Despite a strong Catholic tradition which was not benevolent towards “the deicides”, before the enactment by the fascist Government of the 1938 Antisemitic Laws Italy was not a hostile country for Jews. They were relatively few, but very well integrated.
The Laws themselves, enacted after Hitler’s official visit and strong pressures by Germany, were lenient compared to the Nazi ones, but most of all they were disapproved by the general public and laxly enforced.
Even more importantly, during the first phase of the war Italy was known for shielding Jews, so much that Italian occupation zones were considered safe havens.
Unfortunately, due to military unpreparedness the Italian position in the Axis became weaker and weaker, until in 1943 Germany took control of two-thirds of the Peninsula and installed the puppet Government of the Italian Social Republic. Such Government was staffed but the last fascists left – the most fanatical and extremist. They were desperately looking for some scapegoat, and full of admiration for Germany, which was standing firm and perhaps could still win the war.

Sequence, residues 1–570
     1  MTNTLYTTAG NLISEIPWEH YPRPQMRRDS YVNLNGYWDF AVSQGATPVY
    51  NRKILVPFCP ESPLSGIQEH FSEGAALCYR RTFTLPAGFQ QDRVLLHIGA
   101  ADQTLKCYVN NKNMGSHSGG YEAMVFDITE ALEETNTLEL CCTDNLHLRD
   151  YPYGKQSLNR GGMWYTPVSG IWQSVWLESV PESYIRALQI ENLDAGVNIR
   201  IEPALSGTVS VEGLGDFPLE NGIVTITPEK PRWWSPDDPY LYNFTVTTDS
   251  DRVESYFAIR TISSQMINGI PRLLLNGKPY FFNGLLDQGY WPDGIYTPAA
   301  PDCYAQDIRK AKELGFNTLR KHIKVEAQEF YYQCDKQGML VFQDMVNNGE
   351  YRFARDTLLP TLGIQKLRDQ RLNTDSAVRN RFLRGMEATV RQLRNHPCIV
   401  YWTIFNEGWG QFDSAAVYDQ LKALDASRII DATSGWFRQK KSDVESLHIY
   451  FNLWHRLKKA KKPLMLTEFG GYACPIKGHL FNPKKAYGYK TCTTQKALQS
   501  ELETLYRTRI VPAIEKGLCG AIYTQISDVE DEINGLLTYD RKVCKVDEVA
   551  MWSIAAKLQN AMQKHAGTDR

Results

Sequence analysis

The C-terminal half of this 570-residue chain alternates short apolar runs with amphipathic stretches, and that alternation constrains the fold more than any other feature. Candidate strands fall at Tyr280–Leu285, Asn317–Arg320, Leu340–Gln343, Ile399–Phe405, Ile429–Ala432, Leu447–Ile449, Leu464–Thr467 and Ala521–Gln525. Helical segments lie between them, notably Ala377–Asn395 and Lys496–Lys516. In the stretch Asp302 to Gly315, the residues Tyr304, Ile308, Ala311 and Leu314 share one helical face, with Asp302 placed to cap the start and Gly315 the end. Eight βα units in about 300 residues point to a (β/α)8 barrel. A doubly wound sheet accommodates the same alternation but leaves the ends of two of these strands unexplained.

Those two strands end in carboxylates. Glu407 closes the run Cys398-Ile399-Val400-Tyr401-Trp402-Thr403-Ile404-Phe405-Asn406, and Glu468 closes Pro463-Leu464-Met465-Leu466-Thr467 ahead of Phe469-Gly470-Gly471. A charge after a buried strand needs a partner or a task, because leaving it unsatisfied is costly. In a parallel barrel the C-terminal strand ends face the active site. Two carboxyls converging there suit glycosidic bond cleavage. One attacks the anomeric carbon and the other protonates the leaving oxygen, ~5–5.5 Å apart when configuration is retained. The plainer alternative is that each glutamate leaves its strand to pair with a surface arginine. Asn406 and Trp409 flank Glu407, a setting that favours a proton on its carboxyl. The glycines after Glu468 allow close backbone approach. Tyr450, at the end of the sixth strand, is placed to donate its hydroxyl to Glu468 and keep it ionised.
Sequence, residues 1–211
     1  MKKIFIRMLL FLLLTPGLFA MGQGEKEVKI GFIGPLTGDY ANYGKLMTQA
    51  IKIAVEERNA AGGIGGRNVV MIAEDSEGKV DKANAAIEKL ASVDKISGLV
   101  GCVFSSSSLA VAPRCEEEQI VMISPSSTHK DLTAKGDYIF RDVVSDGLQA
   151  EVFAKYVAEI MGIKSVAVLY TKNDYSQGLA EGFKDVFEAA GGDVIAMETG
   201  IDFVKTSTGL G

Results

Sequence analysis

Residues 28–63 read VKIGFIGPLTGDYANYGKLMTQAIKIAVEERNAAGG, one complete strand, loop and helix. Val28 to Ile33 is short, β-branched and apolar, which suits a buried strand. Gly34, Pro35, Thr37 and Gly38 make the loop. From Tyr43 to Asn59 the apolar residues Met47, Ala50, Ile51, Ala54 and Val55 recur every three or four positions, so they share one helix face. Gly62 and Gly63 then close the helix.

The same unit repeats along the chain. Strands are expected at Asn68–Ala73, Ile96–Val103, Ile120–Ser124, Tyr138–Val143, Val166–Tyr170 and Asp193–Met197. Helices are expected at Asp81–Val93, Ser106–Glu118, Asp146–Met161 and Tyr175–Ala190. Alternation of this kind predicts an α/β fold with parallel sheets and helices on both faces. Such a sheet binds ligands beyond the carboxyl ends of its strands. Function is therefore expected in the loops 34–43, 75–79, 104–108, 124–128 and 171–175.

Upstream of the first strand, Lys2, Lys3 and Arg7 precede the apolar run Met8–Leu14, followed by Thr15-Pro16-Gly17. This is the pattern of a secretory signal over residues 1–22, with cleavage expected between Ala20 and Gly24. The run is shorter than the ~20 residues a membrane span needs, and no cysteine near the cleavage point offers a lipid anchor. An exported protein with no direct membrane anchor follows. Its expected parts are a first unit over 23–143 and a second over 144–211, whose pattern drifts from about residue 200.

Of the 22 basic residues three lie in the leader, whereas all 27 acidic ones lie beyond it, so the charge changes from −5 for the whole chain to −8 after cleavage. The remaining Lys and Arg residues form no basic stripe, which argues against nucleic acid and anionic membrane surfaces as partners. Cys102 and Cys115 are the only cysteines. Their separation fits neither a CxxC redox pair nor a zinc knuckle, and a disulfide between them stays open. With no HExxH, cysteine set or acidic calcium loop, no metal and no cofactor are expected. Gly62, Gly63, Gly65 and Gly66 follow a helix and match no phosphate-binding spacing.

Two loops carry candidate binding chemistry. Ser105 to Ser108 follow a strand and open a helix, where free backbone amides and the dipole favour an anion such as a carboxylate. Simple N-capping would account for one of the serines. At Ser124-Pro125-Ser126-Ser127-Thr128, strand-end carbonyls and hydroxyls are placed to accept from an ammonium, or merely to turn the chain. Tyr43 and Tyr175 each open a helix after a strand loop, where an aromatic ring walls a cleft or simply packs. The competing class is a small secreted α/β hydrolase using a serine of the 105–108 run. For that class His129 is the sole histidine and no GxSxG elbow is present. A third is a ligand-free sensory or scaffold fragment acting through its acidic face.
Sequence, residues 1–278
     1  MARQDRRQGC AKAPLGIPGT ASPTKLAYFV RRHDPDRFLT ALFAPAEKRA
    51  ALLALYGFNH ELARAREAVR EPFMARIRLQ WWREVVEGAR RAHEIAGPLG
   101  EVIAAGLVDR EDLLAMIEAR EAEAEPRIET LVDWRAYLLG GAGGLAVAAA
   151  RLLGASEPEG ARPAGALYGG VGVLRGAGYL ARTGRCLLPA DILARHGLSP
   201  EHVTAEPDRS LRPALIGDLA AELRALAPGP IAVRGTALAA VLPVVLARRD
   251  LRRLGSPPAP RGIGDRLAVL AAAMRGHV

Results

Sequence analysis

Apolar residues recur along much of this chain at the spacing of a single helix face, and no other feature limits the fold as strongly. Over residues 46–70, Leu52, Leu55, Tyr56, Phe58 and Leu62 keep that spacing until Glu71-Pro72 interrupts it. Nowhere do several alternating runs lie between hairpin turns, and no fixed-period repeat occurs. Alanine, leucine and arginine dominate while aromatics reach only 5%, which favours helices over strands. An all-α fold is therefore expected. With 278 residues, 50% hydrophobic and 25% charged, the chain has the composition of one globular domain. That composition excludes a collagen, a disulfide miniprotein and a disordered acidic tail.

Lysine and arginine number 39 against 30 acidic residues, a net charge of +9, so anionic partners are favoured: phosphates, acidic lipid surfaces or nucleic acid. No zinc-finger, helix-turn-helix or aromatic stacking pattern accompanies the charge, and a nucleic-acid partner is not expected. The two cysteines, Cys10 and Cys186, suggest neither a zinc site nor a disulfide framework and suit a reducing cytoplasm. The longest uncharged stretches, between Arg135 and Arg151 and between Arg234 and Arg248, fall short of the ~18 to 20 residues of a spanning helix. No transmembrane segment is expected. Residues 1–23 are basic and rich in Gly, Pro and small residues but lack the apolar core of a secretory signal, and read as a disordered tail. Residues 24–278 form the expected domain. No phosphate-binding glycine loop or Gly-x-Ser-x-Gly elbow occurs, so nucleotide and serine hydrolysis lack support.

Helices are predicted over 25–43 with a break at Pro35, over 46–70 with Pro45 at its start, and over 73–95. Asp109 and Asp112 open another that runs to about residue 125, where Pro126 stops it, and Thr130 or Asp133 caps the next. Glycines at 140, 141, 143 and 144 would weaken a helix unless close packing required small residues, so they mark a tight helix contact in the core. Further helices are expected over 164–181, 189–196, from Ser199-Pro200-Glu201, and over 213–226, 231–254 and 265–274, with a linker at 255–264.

A “Race Inspector General’s Office” was established, and the fascist Authorities cooperated in rounding up the Italian Jews, who were sent to the lagers in Germany and Eastern Europe. Some of them were even killed in the only German extermination camp in Italy, in the German-friendly area of Trieste (the city had been under Austrian sovereignty until 1918). That’s when the 1938 racist laws, though lax, proved their usefulness by providing detailed lists of the resident Jews.
Mr Primo Levi, a survivor of the Aushwitz lager, wrote the novel “Se questo è un uomo” (“Is this a man”), one of the best works crudely depicting life in the German labor camps.